Islamabad, Pakistan – Imran Khan’s Pakistan Tehreek-e-Insaf (PTI) has emerged as the single largest party in the Pakistani lower house of parliament, as international observers declared the polling process less fair than the country’s previous general election.
The PTI won at least 116 out of the 272 directly elected National Assembly seats in Wednesday’s election, official results released by the Election Commission of Pakistan (ECP) showed on Friday – with results from four constituencies still awaited.
Khan‘s party will need 137 seats to form the government, and has begun approaching smaller political forces with the aim of putting together a coalition.
With 64 seats, imprisoned former Prime Minister Nawaz Sharif‘s Pakistan Muslim League-Nawaz (PML-N) will almost certainly be relegated to the role of opposition for the next five years.
The Pakistan People’s Party (PPP) won 43 seats, with independents and smaller parties taking the remaining seats.
Voter turnout was reported to be 51.78 percent of the more than 105 million eligible voters, a slight drop from the 2013 general election.
Polling was suspended in two constituencies after violent attacks during the campaign, and elections will be held there at a later date.
The PML-N on Friday led a multiparty conference in the capital, Islamabad, after it and several other parties – including the PPP and religious party coalition Muttahida Majlis-e-Amal (MMA) – alleged widespread irregularities in the vote-counting process.
Those in attendance rejected the election result, according to Fazl-ur-Rehman, Jamiat Ulema-e Islam (JUI-F) party chief. Other parties, including the PML-N, said they had not yet decided whether to join the JUI-F’s call for nationwide protests.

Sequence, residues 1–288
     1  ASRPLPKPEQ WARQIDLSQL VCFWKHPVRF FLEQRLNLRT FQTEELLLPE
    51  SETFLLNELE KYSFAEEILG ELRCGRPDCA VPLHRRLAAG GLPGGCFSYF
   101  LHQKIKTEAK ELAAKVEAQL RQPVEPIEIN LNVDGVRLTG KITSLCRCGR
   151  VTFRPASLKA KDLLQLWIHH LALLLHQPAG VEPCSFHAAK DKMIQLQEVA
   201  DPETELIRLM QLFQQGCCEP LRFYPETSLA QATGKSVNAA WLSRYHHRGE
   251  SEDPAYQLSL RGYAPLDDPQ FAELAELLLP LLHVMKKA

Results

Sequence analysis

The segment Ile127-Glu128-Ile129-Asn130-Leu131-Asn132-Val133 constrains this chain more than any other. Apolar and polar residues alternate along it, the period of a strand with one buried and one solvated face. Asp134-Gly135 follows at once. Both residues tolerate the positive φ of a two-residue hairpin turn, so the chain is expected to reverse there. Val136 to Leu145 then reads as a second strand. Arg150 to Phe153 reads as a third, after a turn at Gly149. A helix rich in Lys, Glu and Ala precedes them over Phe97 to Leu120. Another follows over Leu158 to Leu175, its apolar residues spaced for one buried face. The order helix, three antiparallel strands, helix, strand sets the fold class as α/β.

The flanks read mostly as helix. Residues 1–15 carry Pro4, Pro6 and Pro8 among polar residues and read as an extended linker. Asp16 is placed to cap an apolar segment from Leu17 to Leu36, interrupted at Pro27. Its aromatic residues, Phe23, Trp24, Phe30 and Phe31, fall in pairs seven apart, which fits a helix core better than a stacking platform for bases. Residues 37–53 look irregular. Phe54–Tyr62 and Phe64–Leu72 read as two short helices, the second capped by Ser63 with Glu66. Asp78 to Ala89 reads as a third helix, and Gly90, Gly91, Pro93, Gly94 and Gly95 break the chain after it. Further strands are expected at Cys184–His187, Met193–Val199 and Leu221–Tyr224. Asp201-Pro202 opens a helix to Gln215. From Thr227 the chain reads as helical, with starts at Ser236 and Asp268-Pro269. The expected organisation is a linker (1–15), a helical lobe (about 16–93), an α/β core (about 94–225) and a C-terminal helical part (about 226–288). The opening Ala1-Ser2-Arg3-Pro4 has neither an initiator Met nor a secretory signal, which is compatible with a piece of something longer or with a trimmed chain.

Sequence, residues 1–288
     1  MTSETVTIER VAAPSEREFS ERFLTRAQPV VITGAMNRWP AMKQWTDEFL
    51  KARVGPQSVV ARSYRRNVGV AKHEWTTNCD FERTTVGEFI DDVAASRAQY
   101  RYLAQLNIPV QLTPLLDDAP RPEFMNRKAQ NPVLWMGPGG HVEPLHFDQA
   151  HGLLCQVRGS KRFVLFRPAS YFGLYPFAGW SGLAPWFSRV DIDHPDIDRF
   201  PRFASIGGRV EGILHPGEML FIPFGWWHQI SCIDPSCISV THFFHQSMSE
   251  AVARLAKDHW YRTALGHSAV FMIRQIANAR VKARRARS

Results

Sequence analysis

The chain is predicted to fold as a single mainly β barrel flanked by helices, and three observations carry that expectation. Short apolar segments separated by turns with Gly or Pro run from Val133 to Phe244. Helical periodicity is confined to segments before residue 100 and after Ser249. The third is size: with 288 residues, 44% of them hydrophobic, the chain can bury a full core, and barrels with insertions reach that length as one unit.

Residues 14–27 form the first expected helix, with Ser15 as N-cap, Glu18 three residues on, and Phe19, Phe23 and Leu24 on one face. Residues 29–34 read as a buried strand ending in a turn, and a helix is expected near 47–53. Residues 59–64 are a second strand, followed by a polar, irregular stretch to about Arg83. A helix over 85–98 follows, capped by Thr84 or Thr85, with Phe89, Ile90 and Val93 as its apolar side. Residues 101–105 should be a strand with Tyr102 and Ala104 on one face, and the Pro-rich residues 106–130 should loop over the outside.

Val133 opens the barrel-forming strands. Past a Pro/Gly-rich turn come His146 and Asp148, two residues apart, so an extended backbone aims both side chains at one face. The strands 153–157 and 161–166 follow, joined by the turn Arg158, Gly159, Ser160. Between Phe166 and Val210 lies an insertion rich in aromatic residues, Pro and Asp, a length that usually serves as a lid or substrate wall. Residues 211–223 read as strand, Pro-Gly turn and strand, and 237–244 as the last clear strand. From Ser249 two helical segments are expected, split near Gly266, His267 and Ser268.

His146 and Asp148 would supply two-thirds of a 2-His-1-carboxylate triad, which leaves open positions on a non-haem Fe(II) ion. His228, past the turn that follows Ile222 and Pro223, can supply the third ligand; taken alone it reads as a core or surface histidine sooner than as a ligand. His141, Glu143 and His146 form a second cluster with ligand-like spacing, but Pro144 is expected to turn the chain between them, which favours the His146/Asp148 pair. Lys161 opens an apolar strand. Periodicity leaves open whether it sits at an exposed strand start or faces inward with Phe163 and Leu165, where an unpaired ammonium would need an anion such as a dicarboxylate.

On Thursday, Khan said his party would fully support any investigation into the allegations of poll rigging.
‘Not as good as 2013’
On Friday, the European Union‘s observer mission said the election suffered from the lack of a level playing field, and that irregularities had been reported in the vote-counting process.
“Our assessment is that, overall, the elections of 2018 were not as good as in 2013,” Michael Gahler, the EU’s chief observer who has monitored several general elections in Pakistan, said in a press conference in Islamabad.
The EU’s assessment declared that there appeared to be “a systematic effort to undermine the former ruling party (PML-N) through cases of corruption, contempt of court and terrorist charges against its leaders and candidates”.
Sharif, the PML-N chief, was convicted by an anti-terrorism court in early July, and jailed shortly after.
In the run-up to the polls, the PML-N, as well as other political parties and rights groups, had alleged widespread incidences of intimidation of candidates by the country’s powerful military, as well as censorship of the press on political and security issues.
“Concerted efforts by state and non-state actors to stifle the reporting environment were evident,” read the EU observer mission’s preliminary report.
The report further declared that while “voting was assessed as well-conducted and transparent” in the 446 polling stations observed, there were issues in the vote-counting process.
“Counting was sometimes problematic … polling staff did not always follow procedures and had difficulties completing the result forms.”
The Free and Fair Elections Network (FAFEN), a Pakistani observer network that deployed more than 19,600 staff to observe the polls, said that while there were significant improvements in the overall process, questions remain regarding the results.
It reported that in at least 35 constituencies, the number of rejected votes was larger than the winning party’s margin of victory.
Regarding the role of the military, the EU observer mission said that security personnel were observed recording and transmitting the results, “giving the impression of parallel tabulation”.
The PML-N has alleged that the deployment of more than 371,000 troops during the elections was an attempt by the country’s military – which has ruled Pakistan for roughly half of its 70-year history and has clashed with the party in recent times – to manipulate the election results.
The military denies any involvement in the polling process beyond providing security.
Asad Hashim is Al Jazeera’s digital correspondent in Pakistan. He tweets @AsadHashim